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As Divided for a Regular Year
Tanya for 19 Cheshvan
The Sages deem these laws to be the "crown of Torah," because the Supernal Will is most fully revealed within the laws of the Oral Torah, inasmuch as they clearly spell out G-d's will with regard to the performance of the mitzvot.
In fact, as the Alter Rebbe explains, the Supernal Will as expressed in the mitzvot derives from an even higher level of Divinity than does the Chochmah ("wisdom") of the Torah.
Indeed, it is this Divine Will that furnishes the "garments" which enable the soul to absorb the Divine radiance that is manifest in the Garden of Eden].
"A woman of valor is the crown of her husband..."
[This verse in the Book of Mishlei  is a metaphor for the Torah.
The Torah is also likened to a wife in another verse:  "See to live your life with the woman whom you love," which our Sages, of blessed memory, explain  to mean the Torah. Here, too, "a woman of valor" refers to the Torah.
More specifically, within the Torah itself the Oral Torah is the "wife" and the Written Torah is the "husband".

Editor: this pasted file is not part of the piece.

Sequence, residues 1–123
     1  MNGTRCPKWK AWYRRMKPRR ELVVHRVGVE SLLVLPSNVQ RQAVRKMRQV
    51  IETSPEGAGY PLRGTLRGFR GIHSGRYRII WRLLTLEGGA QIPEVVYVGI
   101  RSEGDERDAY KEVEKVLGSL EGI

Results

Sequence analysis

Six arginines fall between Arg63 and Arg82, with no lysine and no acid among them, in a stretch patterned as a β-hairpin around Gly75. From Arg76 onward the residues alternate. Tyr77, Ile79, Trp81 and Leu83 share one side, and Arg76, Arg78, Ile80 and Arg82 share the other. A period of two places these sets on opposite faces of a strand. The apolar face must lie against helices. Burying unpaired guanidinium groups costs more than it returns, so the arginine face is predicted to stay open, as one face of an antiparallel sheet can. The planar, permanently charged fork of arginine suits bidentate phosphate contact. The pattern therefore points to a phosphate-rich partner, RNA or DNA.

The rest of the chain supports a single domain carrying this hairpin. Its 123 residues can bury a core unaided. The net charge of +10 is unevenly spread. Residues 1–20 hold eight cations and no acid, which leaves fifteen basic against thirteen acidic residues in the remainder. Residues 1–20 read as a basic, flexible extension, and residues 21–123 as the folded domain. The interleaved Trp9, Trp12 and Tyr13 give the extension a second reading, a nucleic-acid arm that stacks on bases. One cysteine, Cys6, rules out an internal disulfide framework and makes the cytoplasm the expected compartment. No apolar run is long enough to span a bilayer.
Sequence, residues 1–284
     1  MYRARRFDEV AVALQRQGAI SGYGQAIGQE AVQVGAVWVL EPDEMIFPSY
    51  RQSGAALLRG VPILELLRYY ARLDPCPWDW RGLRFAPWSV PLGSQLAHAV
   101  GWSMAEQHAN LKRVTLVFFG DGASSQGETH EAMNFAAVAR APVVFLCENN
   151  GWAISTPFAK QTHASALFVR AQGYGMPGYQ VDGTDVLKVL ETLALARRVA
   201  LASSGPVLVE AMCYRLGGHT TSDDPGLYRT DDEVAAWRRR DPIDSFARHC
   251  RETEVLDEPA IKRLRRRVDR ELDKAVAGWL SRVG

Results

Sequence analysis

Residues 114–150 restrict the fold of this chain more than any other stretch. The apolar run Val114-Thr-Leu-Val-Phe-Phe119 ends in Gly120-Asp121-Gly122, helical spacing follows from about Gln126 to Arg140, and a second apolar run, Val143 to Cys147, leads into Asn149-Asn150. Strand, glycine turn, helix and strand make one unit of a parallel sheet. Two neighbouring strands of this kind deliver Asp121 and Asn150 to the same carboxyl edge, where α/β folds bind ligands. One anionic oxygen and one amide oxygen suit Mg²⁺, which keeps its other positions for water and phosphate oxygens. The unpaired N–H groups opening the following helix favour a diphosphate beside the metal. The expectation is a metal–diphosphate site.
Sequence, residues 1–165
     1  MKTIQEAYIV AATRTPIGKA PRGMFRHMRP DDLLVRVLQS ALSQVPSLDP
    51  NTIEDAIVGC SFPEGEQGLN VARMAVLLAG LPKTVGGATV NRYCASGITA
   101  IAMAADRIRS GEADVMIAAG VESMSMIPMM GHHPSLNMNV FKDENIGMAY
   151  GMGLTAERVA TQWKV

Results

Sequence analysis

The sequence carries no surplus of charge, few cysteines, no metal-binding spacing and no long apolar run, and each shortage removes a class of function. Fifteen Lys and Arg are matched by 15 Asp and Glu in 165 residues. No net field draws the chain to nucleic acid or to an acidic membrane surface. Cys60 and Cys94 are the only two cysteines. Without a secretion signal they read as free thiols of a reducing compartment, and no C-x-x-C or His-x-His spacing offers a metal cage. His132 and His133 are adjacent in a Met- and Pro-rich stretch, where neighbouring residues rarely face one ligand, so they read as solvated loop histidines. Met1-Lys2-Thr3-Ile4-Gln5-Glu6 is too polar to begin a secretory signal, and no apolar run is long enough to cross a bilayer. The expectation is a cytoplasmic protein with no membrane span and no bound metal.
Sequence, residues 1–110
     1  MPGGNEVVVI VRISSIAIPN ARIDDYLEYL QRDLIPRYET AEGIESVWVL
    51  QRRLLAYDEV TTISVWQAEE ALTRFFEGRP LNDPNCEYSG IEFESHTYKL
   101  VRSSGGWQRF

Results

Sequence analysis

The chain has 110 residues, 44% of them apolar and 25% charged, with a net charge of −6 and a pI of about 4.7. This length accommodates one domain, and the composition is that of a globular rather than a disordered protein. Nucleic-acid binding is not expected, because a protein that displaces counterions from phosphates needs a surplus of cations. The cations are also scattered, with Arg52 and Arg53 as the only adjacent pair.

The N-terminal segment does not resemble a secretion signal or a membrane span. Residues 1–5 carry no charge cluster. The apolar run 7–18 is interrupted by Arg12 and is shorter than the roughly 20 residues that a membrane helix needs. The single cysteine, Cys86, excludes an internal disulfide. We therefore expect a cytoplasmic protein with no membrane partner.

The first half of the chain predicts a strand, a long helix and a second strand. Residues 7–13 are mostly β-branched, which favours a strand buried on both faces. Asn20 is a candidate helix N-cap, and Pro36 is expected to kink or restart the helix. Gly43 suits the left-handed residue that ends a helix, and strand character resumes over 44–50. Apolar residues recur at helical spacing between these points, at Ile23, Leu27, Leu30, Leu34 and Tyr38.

The "woman of valor," which the Alter Rebbe will later explain refers to the halachot of Torah, serves as the "crown" to her husband, the Written Torah].
The Gemara, in ch. 4 of Megillah,  [commenting on the teaching of our Sages in Avot  that] "He who makes use of the crown, passes away [from this world]," states: "This applies to him who makes use of one who studies halachot, which are the crown of the Torah..."
[Unlike the text of the Bach, which omits "the crown of the Torah," the Alter Rebbe here accepts the standard printed version as quoted above.
The Gemara in Megillah goes on to say]: "It was taught in the Academy of Elijah that `Whoever studies halachot is assured [of a share in Olam Haba - the World to Come]."'